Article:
The species-specific mode of action for DEET and many other mosquito repellents is often unclear. Confusion may arise for many reasons. First, the response of a single mosquito species is often used to represent all mosquito species. Second, behavioural studies usually test the effect of repellents on mosquito attraction towards human odorants, rather than their direct repulsive effect on mosquitoes. Third, the mosquito sensory neuron responses towards repellents are often not directly examined.
There is an urgent need for an effective vaccine to control and eradicate malaria, one of the most serious global infectious diseases. Plasmodium merozoite surface protein 4 (MSP4) has been listed as a blood-stage subunit vaccine candidate for malaria. Infection with Plasmodium ovale species including P. ovale wallikeri and P. ovale curtisi, is also a source of malaria burden in tropical regions where it is sometimes mixed with other Plasmodium species. However, little is known about P. ovale MSP4.
Despite huge investments and implementation of effective interventions for malaria, progress has stalled, with transmission being increasingly localized among difficult-to-reach populations and outdoor-biting vectors. Targeting difficult pockets of transmission will require the development of tailored and targeted approaches suited to local context, drawing from insights close to the frontlines.
Following guidance from the US President’s Malaria Initiative, durability monitoring of DawaPlus® 2.0 brand of long-lasting insecticidal net (LLIN) distributed during the 2015/16 mass campaign was set up in three ecologically different states: Zamfara, Ebonyi and Oyo.
Malaria surveillance requires powerful tools and strategies to achieve malaria elimination. Rapid diagnostic tests for malaria (RDTs) are easily deployed on a large scale and are helpful sources of parasite DNA. The application of sensitive molecular techniques to these RDTs is a modern tool for improving malaria case detection and drug resistance surveillance. Several studies have made it possible to extract the DNA of Plasmodium falciparum from RDTs. The knowledge of gametocyte carriage in the population is important to better assess the level of parasite transmission in elimination settings. The aim of this study was to detect P. falciparum gametocytes from used RDTs by quantitative PCR for molecular monitoring of malaria transmission.
Atypical memory B cells (aMBCs) are found in elevated numbers in individuals exposed to malaria. A key question is whether malaria induces aMBCs as a result of exposure to antigen, or non‐antigen specific mechanisms. We identified Plasmodium and bystander tetanus toxoid (TT) specific B cells in individuals from areas of previous and persistent exposure to malaria using tetramers.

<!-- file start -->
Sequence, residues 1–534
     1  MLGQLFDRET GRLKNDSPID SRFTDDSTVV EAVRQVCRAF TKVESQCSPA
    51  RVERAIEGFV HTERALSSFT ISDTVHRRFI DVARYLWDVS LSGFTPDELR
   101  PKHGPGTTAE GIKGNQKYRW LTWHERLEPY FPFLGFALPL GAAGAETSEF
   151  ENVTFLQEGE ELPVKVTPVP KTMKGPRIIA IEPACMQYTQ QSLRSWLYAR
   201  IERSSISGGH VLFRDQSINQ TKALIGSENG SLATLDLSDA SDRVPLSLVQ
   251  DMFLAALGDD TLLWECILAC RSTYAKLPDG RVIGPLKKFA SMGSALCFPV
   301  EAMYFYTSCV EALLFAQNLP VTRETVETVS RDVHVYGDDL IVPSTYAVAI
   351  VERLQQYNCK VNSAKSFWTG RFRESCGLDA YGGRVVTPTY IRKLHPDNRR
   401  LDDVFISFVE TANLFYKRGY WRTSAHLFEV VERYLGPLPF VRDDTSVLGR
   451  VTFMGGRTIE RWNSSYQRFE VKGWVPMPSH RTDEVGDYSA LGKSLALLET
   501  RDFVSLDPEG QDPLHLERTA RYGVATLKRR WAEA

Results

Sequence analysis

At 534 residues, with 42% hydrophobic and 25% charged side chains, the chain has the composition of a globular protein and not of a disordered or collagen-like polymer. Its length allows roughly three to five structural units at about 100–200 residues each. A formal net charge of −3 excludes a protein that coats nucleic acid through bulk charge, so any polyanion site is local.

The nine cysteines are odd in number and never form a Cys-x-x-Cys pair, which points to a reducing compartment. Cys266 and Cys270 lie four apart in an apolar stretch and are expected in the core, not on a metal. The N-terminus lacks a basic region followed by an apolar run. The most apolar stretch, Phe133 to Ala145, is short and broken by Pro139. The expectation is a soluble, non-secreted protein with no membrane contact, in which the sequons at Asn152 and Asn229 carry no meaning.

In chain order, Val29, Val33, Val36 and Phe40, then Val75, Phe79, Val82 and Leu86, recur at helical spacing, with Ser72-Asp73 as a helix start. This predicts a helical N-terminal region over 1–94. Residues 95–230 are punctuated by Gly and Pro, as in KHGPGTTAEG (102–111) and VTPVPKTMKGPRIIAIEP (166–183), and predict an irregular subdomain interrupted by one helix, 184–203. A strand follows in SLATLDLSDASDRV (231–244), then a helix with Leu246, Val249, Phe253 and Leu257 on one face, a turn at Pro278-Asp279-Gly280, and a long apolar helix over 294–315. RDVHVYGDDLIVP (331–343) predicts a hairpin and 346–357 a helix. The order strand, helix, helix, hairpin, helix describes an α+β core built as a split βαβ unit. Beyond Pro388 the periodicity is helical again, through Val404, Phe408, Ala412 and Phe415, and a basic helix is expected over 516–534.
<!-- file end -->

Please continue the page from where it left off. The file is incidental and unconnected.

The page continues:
A key drawback to monitoring the emergence and spread of antimalarial drug resistance in sub-Saharan Africa is early detection and containment. Next-generation sequencing methods offer the resolution, sensitivity, and scale required to fill this gap by surveilling for molecular markers of drug resistance.
MMV390048 is a novel antimalarial compound that inhibits Plasmodium phosphatidylinositol-4-kinase. The safety, tolerability, pharmacokinetic profile, and antimalarial activity of MMV390048 were determined in healthy volunteers in three separate studies. A first-in-human, double-blind, randomized, placebo-controlled, single-ascending-dose study was performed. Additionally, a volunteer infection study investigated the antimalarial activity of MMV390048 using the Plasmodium falciparum induced blood-stage malaria (IBSM) model.
Long-lasting insecticidal nets (LLINs) experience some operational problems that reduce their effectiveness, such as limited spaces for hanging, biting of mosquitoes outdoors, a shift of key biting time from midnight to dawn or dusk, and development of pyrethroid resistance in mosquitoes. The concept of spatial repellency may be a countermeasure to overcome the above issues.
Drug repositioning offers an effective alternative to de novo drug design to tackle the urgent need for novel antimalarial treatments. The antiamoebic compound emetine dihydrochloride has been identified as a potent in vitro inhibitor of the multidrug-resistant strain K1 of Plasmodium falciparum (50% inhibitory concentration [IC50], 47 nM ± 2.1 nM [mean ± standard deviation]).